Kids are expensive. And when you throw the extra costs associated with parenting a child with special needs into the mix expenses can skyrocket. Medical expenses, equipment, therapy, extra insurance, home and vehicle modifications add up very quickly.
In addition to these expenses, families often have to pay higher costs for adapted recreation activities and qualified childcare. But there are a number of financial benefits designed to support families who have children with special needs. With taxes and money on everyone’s mind at the moment, here are the top financial tips for families who have a child with special needs.
1. Consider finding a financial advisor. Regardless of your financial situation, an advisor can look at your individual situation, goals and challenges and come up with a plan that makes sense for you and your family. The Special Needs Planning Group offers families free consultations. The organization was founded by Graeme Treeby, who has an adult daughter with multiple special needs. Twenty-one years ago, Treeby transitioned from an accounting career to focus more energy on helping families who have children with special needs plan for the future and navigate a variety of complex programs for children and adults with special needs. Wondering how to find a financial advisor? Try talking to friends and family and see if they have any recommendations. You can also visit your local financial institution and ask to be connected with a financial advisor.
2. Apply for a disability tax credit certificate. This gives you access to a number of tax credits and the opportunity to participate in the registered disability savings plan (RDSP). The Canada Revenue Agency (CRA) website has step-by-step instructions that outline the supporting documents and forms you need to complete the process. Some organizations will offer to help you for a fee. Before paying be sure to check out the CRA website to see if you feel comfortable doing it yourself.
3. Take advantage of tax credits. There are a large number of tax credits that can really add up for those who have disabilities and the people who support them—from childcare to fitness to medical expenses and beyond. “The Disability Tax Credit is designed to reduce the taxable income of a person with a disability to $0.00," Treeby explains. "If the person does not need the credit, some or all of it can be transferred to their parent to reduce their taxable income. The credit plus supplement can reduce taxes payable by approximately $1,600 per year." Wondering what you can claim as a deduction or credit? Visit the CRA page for a full list. “In some cases these credits may be claimed by, or transferred to, other family members such as the disabled individual’s spouse, partner or parents,” says Jamie Golombek, Managing Director, Tax and Estate Planning, at CIBC Wealth Advisory Services.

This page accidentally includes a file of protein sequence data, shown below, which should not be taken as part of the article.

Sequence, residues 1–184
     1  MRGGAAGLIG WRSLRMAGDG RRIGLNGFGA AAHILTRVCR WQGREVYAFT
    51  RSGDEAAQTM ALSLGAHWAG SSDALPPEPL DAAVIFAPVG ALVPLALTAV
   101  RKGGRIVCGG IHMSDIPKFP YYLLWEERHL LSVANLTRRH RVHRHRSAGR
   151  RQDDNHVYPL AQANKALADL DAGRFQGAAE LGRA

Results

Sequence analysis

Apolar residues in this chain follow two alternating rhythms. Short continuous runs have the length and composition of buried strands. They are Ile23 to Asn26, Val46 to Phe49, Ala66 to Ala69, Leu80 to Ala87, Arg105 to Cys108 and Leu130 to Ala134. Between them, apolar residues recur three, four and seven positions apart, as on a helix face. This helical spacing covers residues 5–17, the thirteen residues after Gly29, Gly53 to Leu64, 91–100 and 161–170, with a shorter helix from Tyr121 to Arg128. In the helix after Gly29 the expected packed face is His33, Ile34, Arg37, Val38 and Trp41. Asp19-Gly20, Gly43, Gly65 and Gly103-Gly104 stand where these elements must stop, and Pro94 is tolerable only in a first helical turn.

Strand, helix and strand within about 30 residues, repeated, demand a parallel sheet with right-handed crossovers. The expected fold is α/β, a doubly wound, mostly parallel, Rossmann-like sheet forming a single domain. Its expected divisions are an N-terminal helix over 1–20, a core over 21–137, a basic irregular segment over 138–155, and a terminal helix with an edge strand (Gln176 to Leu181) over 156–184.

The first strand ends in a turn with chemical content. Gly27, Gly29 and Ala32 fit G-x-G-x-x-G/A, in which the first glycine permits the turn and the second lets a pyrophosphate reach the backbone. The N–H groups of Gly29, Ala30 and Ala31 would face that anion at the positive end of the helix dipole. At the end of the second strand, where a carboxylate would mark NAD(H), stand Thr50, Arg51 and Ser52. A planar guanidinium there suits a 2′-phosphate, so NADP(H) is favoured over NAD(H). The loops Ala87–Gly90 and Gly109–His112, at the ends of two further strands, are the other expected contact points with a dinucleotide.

4. Consider opening a registered disability savings plan (RDSP) for your child. Families can “obtain very generous government assistance in form of the Canada Disability Savings Grants (CDSG) and the Canada Disability Savings Bonds, which are only available if you have set up an RDSP,” Golombek says.
Read more: RDSP: A path to prosperity >
5. Don’t forget about the past. When you receive a child’s diagnosis it can be extremely overwhelming and taking advantage of some of the financial benefits can be the last thing on your mind. The CRA offers the opportunity to back file taxes or review past claims up to a certain number of years. RDSPs also offer a chance to backdate contributions up to a certain number of years. So if you’re playing catch up be sure to check and see if there’s anything you can do about the years gone by.
6. Keep the future in mind. “Parents need to provide a lifelong source of funding for their son or daughter with a disability,” Treeby says. There are a number of financial vehicles available to help provide this income. Along with the RDSP above there are provincial programs (e.g. the Ontario Disability Support Program). Although it's a scary topic, Golombek reminds families to “protect the needs of disabled individuals that you support in the event of your own incapacity or death.” This can be done through disability and life insurance, and by considering a Henson Trust. This special trust allows a trustee full discretion on how much income, if any, the beneficiary (the disabled person) receives. This ensures that the trust assets are not part of the disabled person’s assets, and does not affect government disability benefits.
Taking control of your financial situation, especially when you have a child with special needs, can help ease stress about the future and put a little bit of money back in your pocket—and we could all use a little of that these days.
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